by William Cahalan, Ph.D.
What is Stress?
Stress is the normal arousal or “charging up” of the body to meet a threat (whether real or only perceived), when this charging up has not led to effectively dealing with the threat and so has continued for a long time. If I get angry when a friend insults me, that anger involves the way I think about and interpret the event, and the resulting rapid heartbeat, rising blood pressure, dilation of my pupils, blood flow away from internal organs to my limbs, etc. This age-old “fight or flight” response prepares me for activity designed to set things right again. If I act ineffectively (through getting too aggressive or being too passive, for example) these mental and bodily activities will continue instead of slowing down again, often without my really noticing them.
So normal arousal and emotion may now become a chronic stress within my body-mind system. If this continues, I may develop headaches due to muscle tension, high blood pressure due to heart over-activity, or some other “stress disorder.” Or I may simply become uneasy, anxious or depressed.
Here are some startling facts about stress disorders: It is widely reported that roughly two thirds of the visits to general practitioner physicians involve stress as a major cause. The three bestselling medications in the U.S. are for symptoms which often involve stress as a major contributor. These widespread symptoms include high blood pressure, anxiety, and arthritis pain.
In this century modern medicine has made great progress in controlling infectious diseases such as tuberculosis and influenza. But non-infectious diseases which appear to be mostly related to stress and other aspects of personal lifestyle have actually increased. These include hypertension, arteriosclerosis, cancer, arthritis, emphysema, and bronchitis.
Of course, the medical problems which can result from stress aren’t the only negative results. Everyday happiness and quality of life suffer as well.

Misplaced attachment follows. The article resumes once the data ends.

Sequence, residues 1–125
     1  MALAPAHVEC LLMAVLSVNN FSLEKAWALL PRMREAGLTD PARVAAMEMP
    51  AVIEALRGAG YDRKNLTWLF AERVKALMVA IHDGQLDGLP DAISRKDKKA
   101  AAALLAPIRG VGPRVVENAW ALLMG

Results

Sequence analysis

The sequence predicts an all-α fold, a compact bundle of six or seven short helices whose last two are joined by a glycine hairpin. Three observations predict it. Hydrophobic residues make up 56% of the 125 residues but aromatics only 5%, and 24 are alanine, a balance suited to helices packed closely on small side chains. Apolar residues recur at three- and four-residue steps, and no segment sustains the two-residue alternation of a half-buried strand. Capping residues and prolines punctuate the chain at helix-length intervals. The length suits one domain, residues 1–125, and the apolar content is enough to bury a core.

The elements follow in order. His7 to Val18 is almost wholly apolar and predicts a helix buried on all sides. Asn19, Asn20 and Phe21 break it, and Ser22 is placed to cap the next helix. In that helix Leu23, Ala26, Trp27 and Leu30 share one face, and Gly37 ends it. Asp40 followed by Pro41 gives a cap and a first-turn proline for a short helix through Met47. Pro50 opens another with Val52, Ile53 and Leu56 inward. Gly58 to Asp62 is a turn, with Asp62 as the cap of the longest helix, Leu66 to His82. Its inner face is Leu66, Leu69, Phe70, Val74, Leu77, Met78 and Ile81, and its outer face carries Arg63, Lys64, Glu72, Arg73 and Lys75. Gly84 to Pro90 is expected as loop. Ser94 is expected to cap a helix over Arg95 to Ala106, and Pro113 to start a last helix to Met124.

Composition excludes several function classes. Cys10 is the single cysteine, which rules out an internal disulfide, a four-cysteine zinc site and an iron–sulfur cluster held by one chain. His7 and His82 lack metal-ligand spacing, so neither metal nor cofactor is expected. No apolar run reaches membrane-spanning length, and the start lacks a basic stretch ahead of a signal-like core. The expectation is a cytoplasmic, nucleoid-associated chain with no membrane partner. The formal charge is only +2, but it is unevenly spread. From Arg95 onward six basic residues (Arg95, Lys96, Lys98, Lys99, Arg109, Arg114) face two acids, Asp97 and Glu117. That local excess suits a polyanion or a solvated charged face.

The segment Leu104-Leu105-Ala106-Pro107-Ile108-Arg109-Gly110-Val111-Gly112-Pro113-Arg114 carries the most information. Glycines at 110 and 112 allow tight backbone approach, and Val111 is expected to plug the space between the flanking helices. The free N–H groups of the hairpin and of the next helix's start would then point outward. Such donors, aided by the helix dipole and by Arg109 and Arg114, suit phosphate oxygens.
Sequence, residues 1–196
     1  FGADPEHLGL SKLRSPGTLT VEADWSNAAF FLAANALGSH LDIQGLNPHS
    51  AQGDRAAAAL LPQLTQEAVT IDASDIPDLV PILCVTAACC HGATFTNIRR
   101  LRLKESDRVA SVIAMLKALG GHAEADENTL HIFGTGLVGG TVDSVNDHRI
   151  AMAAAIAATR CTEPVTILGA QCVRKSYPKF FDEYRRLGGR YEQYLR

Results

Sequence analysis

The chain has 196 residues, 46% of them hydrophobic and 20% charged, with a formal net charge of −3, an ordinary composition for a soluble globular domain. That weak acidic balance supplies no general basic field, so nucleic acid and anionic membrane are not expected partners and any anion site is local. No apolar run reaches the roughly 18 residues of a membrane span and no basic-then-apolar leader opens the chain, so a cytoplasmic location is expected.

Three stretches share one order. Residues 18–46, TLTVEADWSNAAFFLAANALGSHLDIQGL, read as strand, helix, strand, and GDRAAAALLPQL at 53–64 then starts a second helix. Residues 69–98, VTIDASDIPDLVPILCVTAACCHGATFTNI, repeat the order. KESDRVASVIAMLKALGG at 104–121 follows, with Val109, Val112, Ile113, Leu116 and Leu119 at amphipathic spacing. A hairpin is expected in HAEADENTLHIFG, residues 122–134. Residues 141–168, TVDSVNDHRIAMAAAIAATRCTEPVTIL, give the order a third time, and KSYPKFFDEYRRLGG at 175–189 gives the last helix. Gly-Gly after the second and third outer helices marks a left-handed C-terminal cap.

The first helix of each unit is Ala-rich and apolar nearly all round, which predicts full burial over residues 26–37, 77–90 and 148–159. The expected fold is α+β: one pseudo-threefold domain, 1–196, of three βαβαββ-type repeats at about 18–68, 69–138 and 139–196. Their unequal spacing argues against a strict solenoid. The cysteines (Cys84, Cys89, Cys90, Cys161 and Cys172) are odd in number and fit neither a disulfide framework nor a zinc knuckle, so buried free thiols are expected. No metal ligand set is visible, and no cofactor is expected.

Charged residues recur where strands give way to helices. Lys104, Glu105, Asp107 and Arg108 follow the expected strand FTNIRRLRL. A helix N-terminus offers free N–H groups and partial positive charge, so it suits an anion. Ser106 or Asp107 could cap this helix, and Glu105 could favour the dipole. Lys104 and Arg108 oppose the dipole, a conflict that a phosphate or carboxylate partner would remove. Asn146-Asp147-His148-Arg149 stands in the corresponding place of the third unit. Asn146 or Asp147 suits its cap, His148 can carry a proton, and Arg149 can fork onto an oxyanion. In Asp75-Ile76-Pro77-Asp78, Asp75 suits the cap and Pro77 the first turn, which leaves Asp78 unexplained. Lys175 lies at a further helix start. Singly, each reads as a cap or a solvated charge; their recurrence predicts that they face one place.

Causes of Stress
These stress-related health problems are most frequent in urban-industrial cultures such as the U.S., Western Europe, and Japan. They seem to be related to our economic system and the related lifestyles. Many of us are time-pressured, driven to be good consumers, feeling that we must continuously make more money and accumulate more belongings. We are often focused on future goals at the expense of enjoying the present. Our everyday lifestyles often invite intellectual activity without much physical activity or pleasurable sensory engagement.
Of course, there are a variety of individual responses to these aspects of our culture. Three factors often make a particular person more stress and illness prone than others. These are lack of a network of intimate friends or family, having a “Type A Personality” (being time-driven, often doing more than one thing at once, and often experiencing generalized hostility), and not having a sense of control in one’s life.
Regarding the sense of control, studies have found that nursing home residents asked to care for a bird or plant showed improved physical health compared to other residents. Unfortunately, nursing homes as well as many work settings often minimize personal control. So one important task is to change these unhealthy aspects of our culture and living environment. But, while this slow process happens, how we respond personally to these outside forces is much more available to change.
I will briefly mention a few of the many personal changes which can help transform stress into a cycle of healthy emotion, effective action, and healing relaxation. The most general prescription is to gradually learn to live more in the present, in the moment to moment process of daily life. This kind of awareness goes directly against much of the pressure around us from advertising, schools, workplaces, and television. It therefore can be very elusive. It involves opening our senses more to simple, everyday pleasures available to almost anyone. This opening includes seeing and hearing clearly in each situation, using emotional and bodily responses to discover what is harmful and what is healthy. We then have more freedom to creatively optimize our healthier alternatives.
In developing more moment to moment awareness, one of the things to become aware of is how we needlessly increase our own stress in response to outside stressors – through certain kinds of physical tensing, thinking, and relating to other people.
A stress-prone person often is trying to squeeze him or herself into an ideal image of self which is too narrow. In the process he or she attempts to avoid emotions, and the bodily sensations and actions which go with them, which threaten this ideal self image. These are avoided partly through unconscious, subtle muscle tension.